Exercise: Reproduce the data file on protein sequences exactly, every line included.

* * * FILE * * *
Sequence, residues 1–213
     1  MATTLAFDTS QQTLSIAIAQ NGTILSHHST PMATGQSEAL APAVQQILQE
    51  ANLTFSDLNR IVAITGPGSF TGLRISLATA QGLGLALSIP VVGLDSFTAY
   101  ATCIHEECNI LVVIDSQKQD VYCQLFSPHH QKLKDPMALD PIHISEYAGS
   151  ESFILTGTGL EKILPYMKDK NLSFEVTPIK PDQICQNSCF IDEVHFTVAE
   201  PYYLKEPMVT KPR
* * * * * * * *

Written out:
Sequence, residues 1–213
     1  MATTLAFDTS QQTLSIAIAQ NGTILSHHST PMATGQSEAL APAVQQILQE
    51  ANLTFSDLNR IVAITGPGSF TGLRISLATA QGLGLALSIP VVGLDSFTAY
   101  ATCIHEECNI LVVIDSQKQD VYCQLFSPHH QKLKDPMALD PIHISEYAGS
   151  ESFILTGTGL EKILPYMKDK NLSFEVTPIK PDQICQNSCF IDEVHFTVAE
   201  PYYLKEPMVT KPR